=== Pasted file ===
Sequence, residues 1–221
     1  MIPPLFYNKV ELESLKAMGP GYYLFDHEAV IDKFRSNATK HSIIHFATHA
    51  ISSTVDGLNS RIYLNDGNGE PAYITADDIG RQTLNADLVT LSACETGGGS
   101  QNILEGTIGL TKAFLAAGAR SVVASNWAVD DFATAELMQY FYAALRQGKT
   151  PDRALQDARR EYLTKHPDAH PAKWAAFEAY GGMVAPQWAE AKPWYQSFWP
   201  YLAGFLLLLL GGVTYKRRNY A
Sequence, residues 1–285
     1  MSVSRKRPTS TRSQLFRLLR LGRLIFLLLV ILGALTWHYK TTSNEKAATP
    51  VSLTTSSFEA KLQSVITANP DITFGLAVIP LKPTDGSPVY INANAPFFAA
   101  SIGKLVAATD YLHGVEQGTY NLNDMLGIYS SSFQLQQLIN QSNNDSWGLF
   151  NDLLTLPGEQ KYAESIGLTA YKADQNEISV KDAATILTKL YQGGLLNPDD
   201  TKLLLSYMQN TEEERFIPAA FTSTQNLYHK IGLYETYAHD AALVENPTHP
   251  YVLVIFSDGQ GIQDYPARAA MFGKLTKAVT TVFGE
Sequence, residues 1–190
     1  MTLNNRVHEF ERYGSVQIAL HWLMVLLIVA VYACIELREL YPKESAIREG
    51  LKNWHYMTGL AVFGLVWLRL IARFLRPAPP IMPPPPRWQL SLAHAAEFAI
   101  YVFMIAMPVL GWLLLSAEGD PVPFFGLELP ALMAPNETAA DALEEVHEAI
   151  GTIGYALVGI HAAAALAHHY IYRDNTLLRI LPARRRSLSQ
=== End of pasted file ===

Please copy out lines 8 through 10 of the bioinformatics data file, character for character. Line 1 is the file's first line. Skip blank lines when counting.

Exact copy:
     1  MSVSRKRPTS TRSQLFRLLR LGRLIFLLLV ILGALTWHYK TTSNEKAATP
    51  VSLTTSSFEA KLQSVITANP DITFGLAVIP LKPTDGSPVY INANAPFFAA
   101  SIGKLVAATD YLHGVEQGTY NLNDMLGIYS SSFQLQQLIN QSNNDSWGLF